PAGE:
In the 1920s, during the period of Prohibition (law which made the making and selling of alcohol), alcohol was served secretly in speakeasies (nightclubs serving alcohol when it was illegal to do so). During the 1920s, even more casinos (gambling businesses) and nightclubs (businesses that serve alcohol, with music and dancing for entertainment) started moving to The Strip, attracting people who worked in the entertainment industry (people who work in television, films, music, and other forms of entertainment).

In the 1930s and 1940s, The Strip developed a reputation (became known to other people) as a playground (place for entertainment) for the rich and famous. People who were important in the world of entertainment, such as famous actors, often visited The Strip. Even famous gangsters (people who work for organized groups of criminals) like Bugsy Siegel owned nightclubs and restaurants in the area.

In the 1960s, however, The Strip began to lose its appeal (become less attractive) to people in the movie industry, but remained popular among tourists and locals (people living in the area).

But in the 1970s, during the rise of the counterculture (a subculture whose values and norms were different from the normal, mainstream values), The Strip became popular again, especially with famous rock bands like Led Zeppelin, who played at well-known Sunset clubs.

Today, The Strip continues to be a hangout (place where someone visits often) for young celebrities and other people looking for entertainment. For instance, you can rub elbows (socialize) with celebrities staying at the famous Chateau Marmont (see “Culture Note,” Daily English 1162) or see your favorite rock groups at the legendary (famous) venues (places for events or entertainment) The Viper Room, Troubadour, or the Roxy Theater.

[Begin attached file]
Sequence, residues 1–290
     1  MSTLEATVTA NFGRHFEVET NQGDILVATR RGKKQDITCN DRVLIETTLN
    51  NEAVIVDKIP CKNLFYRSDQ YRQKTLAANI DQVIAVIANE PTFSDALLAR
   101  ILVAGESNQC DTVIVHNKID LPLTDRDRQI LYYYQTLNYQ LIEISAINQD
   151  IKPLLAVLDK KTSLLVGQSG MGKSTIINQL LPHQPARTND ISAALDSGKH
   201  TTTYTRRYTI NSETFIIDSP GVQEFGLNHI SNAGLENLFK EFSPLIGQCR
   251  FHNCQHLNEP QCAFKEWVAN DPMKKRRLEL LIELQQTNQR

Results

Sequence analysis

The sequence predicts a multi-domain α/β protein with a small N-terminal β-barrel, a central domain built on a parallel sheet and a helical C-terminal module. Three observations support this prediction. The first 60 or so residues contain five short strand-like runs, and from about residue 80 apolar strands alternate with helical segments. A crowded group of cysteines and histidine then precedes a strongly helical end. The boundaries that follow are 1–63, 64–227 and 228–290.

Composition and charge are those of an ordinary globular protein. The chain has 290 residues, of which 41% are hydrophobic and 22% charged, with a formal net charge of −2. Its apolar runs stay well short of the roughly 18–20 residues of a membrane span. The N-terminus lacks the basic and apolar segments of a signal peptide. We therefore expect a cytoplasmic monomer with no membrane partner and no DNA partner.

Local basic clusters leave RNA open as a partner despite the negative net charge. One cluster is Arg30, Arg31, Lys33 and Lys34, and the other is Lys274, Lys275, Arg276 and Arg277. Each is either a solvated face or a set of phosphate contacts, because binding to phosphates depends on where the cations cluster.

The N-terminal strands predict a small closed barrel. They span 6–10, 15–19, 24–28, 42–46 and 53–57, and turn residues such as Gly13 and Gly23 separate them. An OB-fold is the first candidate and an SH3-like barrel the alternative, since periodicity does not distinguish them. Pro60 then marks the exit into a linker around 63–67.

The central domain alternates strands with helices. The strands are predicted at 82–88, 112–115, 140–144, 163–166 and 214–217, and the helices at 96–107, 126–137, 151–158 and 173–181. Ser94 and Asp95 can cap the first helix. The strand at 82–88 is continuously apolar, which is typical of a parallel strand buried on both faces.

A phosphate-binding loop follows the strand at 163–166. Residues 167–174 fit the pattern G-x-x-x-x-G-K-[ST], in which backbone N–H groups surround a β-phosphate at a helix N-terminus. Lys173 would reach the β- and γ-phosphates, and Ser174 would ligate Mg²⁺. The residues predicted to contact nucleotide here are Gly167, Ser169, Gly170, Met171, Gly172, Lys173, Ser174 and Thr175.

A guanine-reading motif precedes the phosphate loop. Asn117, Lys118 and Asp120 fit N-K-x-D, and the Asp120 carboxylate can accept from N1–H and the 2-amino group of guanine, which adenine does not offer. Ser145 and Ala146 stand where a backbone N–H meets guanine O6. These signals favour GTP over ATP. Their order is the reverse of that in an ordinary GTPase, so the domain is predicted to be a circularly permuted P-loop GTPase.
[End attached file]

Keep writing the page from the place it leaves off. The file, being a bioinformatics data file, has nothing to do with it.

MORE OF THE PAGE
~ ESLPod Team

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Photo Credit: From Wikipedia
* This post was adapted from “What Insiders Know” from Cultural English 484. To see the rest of the Learning Guide, including a Glossary, Sample Sentences, Comprehension Questions, a Complete Transcript of the entire lesson and more, become a Select English Member.
Posted in Life in the United States | 14 Comments

Free English Lesson: Cultural English 490 – Muhammad Ali & the Golden Gate Bridge

Are you thinking about joining our Select English Membership but aren’t quite sure what you’ll get? Watch this FREE episode of Cultural English which shows you exactly what is included in our PDF Learning Guide!

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~Jeff

Posted in Announcements | 23 Comments

Thick as Thieves

When I was growing up, my best friend was Marlene. We became friends in the third grade when we were about 10 years old. We hung around (spent free time) with each other all the time. In fact, we were practically (nearly) inseparable (seldom without the other).

You could say that we were “thick as thieves.” A thief is someone who steals things, and thick, in the 1700s, referred to two (or more) people who were close or who were working closely together. “Thick as thieves” was often used to describe two (or more) people who were conspiratorial. To conspire means to have a secret plan among a group of people, usually something to do something that is against the law or something bad.

But the way we use “thick as thieves” today doesn’t typically have a bad connotation (meaning). Thick as thieves is usually used to describe friends who are close and who share secrets with each other. Marlene and I were thick as thieves, telling each other things we would never tell anyone else (thank goodness!).